Rachel Neiman
September 20, 2013

The Hebrew word kapparah means atonement and kapparot is a Jewish ritual practiced by some Jews during the 10 days of repentance preceding Yom Kippur, the Jewish Day of Atonement.

In this ritual, the penitent swings a live chicken over their head three times thus symbolically transferring their sins to the chicken. The chicken is then slaughtered and donated to the poor for consumption at the pre-fast meal. In some cases, coins are substituted for a live chicken — many Jewish communities have rejected the use of chickens on grounds of tza’ar ba’alei chayim (cruelty to animals) — but certain ultra-Orthodox Jewish communities, both in Israel and in the Diaspora, continue the tradition of using live chickens for kapparot.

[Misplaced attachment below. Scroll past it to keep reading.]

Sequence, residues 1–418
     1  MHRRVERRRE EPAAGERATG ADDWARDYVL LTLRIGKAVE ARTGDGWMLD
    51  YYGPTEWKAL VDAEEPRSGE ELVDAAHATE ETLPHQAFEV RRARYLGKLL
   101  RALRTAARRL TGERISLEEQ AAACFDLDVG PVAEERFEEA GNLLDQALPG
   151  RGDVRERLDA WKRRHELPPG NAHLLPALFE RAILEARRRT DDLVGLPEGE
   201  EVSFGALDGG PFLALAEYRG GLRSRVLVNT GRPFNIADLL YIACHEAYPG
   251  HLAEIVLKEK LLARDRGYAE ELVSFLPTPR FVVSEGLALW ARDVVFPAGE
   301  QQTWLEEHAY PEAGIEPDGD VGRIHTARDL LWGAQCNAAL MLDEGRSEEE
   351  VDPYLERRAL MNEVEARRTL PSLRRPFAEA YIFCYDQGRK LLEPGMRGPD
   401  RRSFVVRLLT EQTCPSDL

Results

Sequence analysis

Photographer Orna Naor went out last week on the night before Yom Kippur to document the ritual and the people who practice it still. The result is an arresting photo-essay that presents a range of realities: a photo op for the secular Israeli press interested in snapping shots of what they will convey to the general public as a barbarism devoid of meaning, the mystical sense of those who do believe their sins can be transmuted through prayer and vicarious sacrifice, and the practicalities of performing a centuries-old rite on the eve of the holiest day of the Jewish calendar in the year 5774.

More images from this series and other photos from Israel can be viewed on Orna Naor’s Facebook page.

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